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Legislative Assembly for the ACT: 2003 Week 3 Hansard (11 March) . . Page.. 885 ..

amendment. As I indicated earlier, in the view of government this amendment essentially seeks to create a hierarchy of relationships. It seems to us that what Mr Smyth and the Liberals are doing is seeking to quite directly undermine the process we are engaged in today by saying that all relationships are equal but some are more equal than others.

The Liberal Party amendment seeks to omit proposed new section 169 and substitute the following new section:

169 References to domestic partner and domestic partnership

(1) In an Act or statutory instrument, a reference to a person's domestic partner is a reference to someone who lives with the person in a domestic partnership.

(2) In an Act or statutory instrument, a domestic partnership is the relationship-

and here is the hierarchy-

(a) between 2 people living together in a legal marriage; or

(b) between 2 people of the opposite sex living together as spouses on a genuine domestic basis; or

(c) between 2 people of the same sex living together as a couple on a genuine domestic basis.

There is your hierarchy. You have created a hierarchy, and the creation of hierarchies is completely contrary to the purpose that we are addressing here today. It seems to me, it seems to the government, and I think it would seem to anybody reading this amendment, that the amendment is internally discriminatory in the first place. It refers to concepts of opposite sex and same sex, unlike the government's definition which uses the expression "whether of a different or the same sex", and it does not take account of the relationship of transgender or intersex people. The definition proposed by Mr Smyth and the Liberals also unnecessarily complicates the legislation by breaking down into three subsets the central concept of two people living together on a genuine domestic basis. It is legally unnecessary.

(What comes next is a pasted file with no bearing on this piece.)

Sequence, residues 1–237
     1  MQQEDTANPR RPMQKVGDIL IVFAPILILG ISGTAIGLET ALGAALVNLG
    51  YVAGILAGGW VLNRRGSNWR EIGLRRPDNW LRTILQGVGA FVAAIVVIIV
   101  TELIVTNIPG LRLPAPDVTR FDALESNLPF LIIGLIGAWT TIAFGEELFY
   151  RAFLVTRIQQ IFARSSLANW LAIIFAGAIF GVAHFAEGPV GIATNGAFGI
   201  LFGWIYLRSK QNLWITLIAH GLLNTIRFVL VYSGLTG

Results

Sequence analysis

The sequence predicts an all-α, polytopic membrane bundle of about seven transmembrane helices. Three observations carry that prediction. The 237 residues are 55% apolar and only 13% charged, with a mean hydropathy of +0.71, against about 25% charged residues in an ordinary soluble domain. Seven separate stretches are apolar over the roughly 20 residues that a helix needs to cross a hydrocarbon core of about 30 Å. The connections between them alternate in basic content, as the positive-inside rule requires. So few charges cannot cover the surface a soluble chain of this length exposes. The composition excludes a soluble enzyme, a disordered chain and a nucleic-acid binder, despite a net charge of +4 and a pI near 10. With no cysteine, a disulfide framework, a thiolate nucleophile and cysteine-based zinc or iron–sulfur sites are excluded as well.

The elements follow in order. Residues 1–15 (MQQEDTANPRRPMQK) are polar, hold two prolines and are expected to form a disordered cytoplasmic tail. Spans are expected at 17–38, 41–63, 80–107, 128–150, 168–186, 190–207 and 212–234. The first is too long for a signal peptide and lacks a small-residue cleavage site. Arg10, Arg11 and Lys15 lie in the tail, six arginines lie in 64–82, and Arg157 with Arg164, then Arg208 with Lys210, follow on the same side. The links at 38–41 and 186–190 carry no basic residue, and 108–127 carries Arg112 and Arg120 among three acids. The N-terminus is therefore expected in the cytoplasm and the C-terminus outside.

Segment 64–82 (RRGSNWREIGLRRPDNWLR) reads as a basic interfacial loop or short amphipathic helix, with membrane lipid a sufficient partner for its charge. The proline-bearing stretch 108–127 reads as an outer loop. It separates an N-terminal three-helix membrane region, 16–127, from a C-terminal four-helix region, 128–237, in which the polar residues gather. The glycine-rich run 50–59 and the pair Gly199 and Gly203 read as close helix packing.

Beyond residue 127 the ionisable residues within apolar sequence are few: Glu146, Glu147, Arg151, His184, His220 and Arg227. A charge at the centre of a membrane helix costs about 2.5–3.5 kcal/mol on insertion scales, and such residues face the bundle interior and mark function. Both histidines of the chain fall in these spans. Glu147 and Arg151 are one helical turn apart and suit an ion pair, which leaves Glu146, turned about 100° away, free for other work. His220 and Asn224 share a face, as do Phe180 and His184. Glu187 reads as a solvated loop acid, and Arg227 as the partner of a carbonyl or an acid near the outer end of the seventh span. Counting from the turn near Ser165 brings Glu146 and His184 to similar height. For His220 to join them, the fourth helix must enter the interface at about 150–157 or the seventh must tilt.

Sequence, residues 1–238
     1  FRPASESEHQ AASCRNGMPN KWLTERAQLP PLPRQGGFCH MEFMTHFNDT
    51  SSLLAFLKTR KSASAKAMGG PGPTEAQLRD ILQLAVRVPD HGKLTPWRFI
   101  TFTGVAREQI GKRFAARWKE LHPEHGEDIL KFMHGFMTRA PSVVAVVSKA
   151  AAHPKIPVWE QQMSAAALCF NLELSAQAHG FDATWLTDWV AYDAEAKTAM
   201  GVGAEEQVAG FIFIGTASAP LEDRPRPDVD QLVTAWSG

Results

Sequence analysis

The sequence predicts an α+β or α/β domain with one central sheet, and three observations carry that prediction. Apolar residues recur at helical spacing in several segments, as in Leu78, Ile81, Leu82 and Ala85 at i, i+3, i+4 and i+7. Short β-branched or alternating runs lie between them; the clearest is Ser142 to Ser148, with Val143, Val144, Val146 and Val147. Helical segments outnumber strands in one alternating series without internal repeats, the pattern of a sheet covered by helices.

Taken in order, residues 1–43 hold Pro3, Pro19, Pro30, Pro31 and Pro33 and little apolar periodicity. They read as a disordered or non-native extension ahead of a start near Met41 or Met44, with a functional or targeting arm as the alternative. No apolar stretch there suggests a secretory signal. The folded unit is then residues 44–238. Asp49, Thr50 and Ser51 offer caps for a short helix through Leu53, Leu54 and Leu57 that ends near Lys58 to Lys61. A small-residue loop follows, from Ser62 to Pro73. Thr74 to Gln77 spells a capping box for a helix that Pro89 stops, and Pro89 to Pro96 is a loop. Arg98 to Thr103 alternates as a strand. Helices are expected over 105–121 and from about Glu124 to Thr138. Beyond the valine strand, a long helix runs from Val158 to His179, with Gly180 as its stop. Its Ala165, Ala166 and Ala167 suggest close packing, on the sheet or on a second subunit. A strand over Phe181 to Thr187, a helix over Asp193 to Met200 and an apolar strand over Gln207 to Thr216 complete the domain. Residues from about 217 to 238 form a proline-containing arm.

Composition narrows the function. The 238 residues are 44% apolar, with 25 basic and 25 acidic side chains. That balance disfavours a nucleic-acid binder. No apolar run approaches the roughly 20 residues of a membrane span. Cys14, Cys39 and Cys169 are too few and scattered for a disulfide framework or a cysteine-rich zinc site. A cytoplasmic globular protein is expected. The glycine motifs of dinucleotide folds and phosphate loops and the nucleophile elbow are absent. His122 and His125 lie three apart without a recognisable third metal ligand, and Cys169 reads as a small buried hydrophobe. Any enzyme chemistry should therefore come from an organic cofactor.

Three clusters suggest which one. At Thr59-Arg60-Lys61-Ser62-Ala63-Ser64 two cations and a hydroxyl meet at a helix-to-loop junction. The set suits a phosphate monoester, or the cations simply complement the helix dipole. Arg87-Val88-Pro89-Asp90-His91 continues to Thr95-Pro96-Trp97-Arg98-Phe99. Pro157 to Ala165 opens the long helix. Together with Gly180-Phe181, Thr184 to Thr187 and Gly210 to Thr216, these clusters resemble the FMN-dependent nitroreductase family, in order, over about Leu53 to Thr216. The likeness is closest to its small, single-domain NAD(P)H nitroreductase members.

The definition of domestic partnership in the government's bill is simple and inclusive. The definition in the bill does not affect the current operation of any legislation that is not amended by either bill. The definition also does not preclude the use of specific terms such as "spouse"if there is a need to distinguish this particular legal relationship in any future legislation that the Assembly may pass. And we need to remain mindful of that in the context of some of the debate that we have had, particularly in relation to the views around whether there has been appropriate consultation or whether there is a need to send this matter off for further investigation. It is important to remain mindful of the fact that there is no impediment to the continued use of the term "spouse"if appropriate or legitimate in any specific or special legislation.

There is nothing to be gained from Mr Smyth's amendment, apart from establishing a hierarchy of relationship, and the government, as I say, will not be supporting it. Mr

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